Friday, 30 June 2017

Zombiesaurus

Director: Milko Davis
Writer: Michele Pacitto
Producers: Michele Pacitto, Andy Haman
Cast: Andy Haman, Mia Klosterman, Cooper Elliott
Country: USA
Year of release: 2017
Reviewed from: UK DVD (101 Films)

When I first encountered Zombiesaurus it was just a listing on Amazon. Just a title. But what a title. Boy, that’s how you sell a movie. I knew I had to see it.

A little later, the sleeve image appeared. It was obviously misleading and hyperbolic in the grand tradition of B-movie marketing. After staring at the design, wondering why it rang a bell, I realised that 101 Films had used exactly the same stock library dinosaur illustration that 88 Films (who are presumably either 13 places higher or lower on some sort of arbitrary scale) had already used for Steve Lawson’s Killersaurus.

This week I was in Morrisons, browsing the video shelf as is my wont, and there it was. Zombiesaurus. Five quid. Into the basket it went. It had only been released that very day. Bought it on Monday, watched it on Tuesday, started the review on Wednesday, finished it on Thursday, posted it on Friday and I’ll stop now before people mistake me for Craig David.

I’m not going to lie to you. Zombiesaurus is not a good movie. However you measure it, this is pretty terrible. But that doesn’t mean it’s not entertaining. Genuinely entertaining. Not in a snide, so-bad-it’s-good, mocking way. Regular readers know that I would never approach a film like that. No, Zombiesaurus is considerably entertaining in a bizarre and strangely fascinating way, and frankly it’s not without its occasional moment of genuine cinematic cleverness and quality. Don’t get me wrong, it’s pretty much exactly as bad as you expect, just not in the way that you expect.

I think the people who made this can be proud of what they have created. I’m just not sure they know what it is they have actually created. Because it certainly beats the hell out of me.

The core of the story is pretty simple and straightforward, and original too. There’s a bunch of people being chased around a sort of military/scientific/industrial building by a fiercesome, hungry dinosaur. The unique schtick is that this dino can’t be killed because it’s already dead (hence the green, glowing eyes). Furthermore, anyone unlucky enough to become dino-chow returns from the dead as a zombie, also with the green, glowing eyes. That’s pretty much the second half of the film right there.

I have no problems with the second half. Well, I do in fact have a whole bunch of problems, but we’ll come to them in due course. But let’s start with the first half, which really makes very little sense.

We start with a man we will come to know as Dr Wojick Borge (Cooper Elliott) – bearded and bald with a rather alarming cauliflower ear – who is making a shady deal in a car park in the middle of the night, for some reason, with some guy. The guy gives him a box containing some hypodermic needles, each of which has some sort of green, glowing liquid inside it (green and glowing is a recurring motif in this motion picture). Borge accepts this consignment and has, for no apparent reason, a living dinosaur under a tarpaulin on a trailer.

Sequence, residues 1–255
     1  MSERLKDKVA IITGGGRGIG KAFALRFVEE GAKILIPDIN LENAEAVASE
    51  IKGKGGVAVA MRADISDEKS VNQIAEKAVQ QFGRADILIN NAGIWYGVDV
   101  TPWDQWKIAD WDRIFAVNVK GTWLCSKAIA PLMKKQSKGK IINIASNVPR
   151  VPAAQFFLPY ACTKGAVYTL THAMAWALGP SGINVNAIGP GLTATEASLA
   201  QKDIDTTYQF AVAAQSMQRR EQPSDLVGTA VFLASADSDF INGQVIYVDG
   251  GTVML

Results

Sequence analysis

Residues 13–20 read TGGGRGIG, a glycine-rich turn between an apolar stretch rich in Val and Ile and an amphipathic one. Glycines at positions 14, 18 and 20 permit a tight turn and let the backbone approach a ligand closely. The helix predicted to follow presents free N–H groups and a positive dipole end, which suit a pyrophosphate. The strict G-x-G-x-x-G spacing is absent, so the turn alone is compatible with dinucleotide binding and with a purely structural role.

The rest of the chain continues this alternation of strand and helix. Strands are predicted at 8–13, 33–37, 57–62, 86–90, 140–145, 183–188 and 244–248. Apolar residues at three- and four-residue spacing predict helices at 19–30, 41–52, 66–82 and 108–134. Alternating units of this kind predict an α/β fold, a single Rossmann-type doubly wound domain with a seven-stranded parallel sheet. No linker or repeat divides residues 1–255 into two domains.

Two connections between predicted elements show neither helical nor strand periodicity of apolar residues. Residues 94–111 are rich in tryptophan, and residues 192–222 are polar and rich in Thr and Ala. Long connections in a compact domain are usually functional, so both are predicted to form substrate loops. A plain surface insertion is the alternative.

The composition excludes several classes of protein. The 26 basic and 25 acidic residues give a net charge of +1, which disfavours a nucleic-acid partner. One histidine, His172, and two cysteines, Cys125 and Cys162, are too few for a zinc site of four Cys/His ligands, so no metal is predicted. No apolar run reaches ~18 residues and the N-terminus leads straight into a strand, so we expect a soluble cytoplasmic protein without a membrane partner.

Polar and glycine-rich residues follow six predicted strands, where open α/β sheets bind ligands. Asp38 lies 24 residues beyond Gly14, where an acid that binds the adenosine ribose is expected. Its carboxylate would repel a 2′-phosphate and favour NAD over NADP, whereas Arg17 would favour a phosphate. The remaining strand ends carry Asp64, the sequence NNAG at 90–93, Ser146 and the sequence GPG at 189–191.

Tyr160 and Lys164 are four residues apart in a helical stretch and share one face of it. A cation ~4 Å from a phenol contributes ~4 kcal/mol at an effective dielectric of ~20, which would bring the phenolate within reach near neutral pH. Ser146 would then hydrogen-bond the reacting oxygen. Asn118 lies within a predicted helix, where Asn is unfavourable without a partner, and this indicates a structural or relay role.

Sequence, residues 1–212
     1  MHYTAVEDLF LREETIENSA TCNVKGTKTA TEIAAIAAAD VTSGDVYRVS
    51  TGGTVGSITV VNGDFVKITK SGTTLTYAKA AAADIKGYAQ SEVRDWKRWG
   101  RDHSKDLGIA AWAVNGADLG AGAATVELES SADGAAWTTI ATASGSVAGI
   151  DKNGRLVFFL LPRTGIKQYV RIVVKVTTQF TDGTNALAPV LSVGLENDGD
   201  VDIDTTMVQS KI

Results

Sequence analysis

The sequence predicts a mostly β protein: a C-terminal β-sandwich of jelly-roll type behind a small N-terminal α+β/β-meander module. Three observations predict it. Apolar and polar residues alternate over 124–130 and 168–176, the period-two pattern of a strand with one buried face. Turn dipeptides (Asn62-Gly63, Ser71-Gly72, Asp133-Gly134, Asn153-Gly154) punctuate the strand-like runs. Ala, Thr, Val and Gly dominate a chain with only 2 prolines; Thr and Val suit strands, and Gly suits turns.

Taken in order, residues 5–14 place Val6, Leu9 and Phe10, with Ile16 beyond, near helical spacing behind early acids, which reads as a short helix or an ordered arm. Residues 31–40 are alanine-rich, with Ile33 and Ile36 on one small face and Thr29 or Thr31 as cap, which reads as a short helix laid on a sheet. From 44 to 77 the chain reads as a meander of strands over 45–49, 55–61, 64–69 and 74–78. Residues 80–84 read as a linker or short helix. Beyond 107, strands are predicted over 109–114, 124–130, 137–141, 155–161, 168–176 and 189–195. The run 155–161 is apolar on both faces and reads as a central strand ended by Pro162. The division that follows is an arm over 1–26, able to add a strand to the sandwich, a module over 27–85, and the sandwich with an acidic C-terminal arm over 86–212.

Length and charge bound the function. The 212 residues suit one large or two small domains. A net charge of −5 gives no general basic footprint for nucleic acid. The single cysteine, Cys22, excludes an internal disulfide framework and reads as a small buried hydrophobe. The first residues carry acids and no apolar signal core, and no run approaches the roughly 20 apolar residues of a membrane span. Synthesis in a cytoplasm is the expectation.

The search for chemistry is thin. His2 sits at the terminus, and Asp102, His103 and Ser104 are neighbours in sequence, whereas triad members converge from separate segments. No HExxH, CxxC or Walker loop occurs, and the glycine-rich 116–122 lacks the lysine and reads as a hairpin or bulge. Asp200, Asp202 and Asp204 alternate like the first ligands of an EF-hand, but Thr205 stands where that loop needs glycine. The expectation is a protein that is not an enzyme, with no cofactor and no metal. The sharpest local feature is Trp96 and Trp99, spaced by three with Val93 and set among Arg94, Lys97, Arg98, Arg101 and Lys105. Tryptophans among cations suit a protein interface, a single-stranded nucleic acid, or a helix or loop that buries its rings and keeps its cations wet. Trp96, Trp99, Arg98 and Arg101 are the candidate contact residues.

Wait, what?

Never mind because one year later Dr Borge, resplendent in lab coat and bow tie, is teaching a (small) class at a university. Let’s just listen in to some of the lecture he delivers to a dozen or so bored-looking students:

“Why not break the chain? The chain that causes the expiration of life. Why not expand on Darwin’s theory of evolution – and push further? I stand before you today, representing and educating the idea of progressing life. I want to eliminate the thought that forces us to believe that life must end. Remove the gauge.”

Anyone? Anyone got any ideas? Any suggestions what on Earth any of this is supposed to mean? No? Oh well. At least it’s not just me.

It’s not exactly clear what subject Borge is teaching, but it involves a dead cat at the front of the lecture theatre. He injects this with some of the green, glowing stuff and it comes back to life, to the shock and horror of the students. For this misbehaviour, Borge is chewed out by the Dean (Mary Jo Mauro) and given the boot. He will return to our story later. But for now, he’s crossing the road, getting hit by a car and swearing vengeance on humanity.

Cut to a shot of an asteroid hurtling towards Earth, with the curious caption ‘0515 HRS ZULU TIME’. I looked this up and apparently ‘Zulu Time’ is what the US Navy calls the time at the Prime Meridian, so they have a single reference for their ships around the globe who don’t have to wonder whether a given time is ten o’clock in New York or ten o’clock in San Francisco. Except there’s already a perfectly good name for this. It’s called Greenwich Mean Time. Silly Yanks.

Ten minutes in, we finally get the opening titles, which introduce us to five quasi-military types in a Humvee, driving through the desert accompanied by a CGI helicopter. There’s Duque (professional bodybuilder Andy Haman), the muscle mountain leader who someone later says looks exactly like Duke Nukem. There’s Spivey (Shale Le Page), the cocky, slightly crazy one. There’s Stick (Ruselis Aumeen Perry) the thankfully not wisecracking or hiphop-loving black one, Cuchilla (UFC fighter Raquel ‘Rocky’ Pennington) the taciturn, sword-wielding, kick-ass female one and Swat (Juan Gonzalez) the other one. The titles provide the lead actors’ names and tell us ‘Screenplay by Michele Pacitto’ but in defiance of tradition don’t mention either the producer(s) or the director(s).

A bizarre caption now appears – on screen and read aloud – which I think is worth reproducing in full (complete with incorrect apostrophe):

During a great time of peril on Earth, a deranged scientist emerged and took control of a secret military bunker deep in the desert…
Evil would unleash it’s monstrous secrets to destroy Earth…
Five commandos set out to eliminate the threat…
Out of the five commandos…
Two survived…
Out of the two…
One told the story…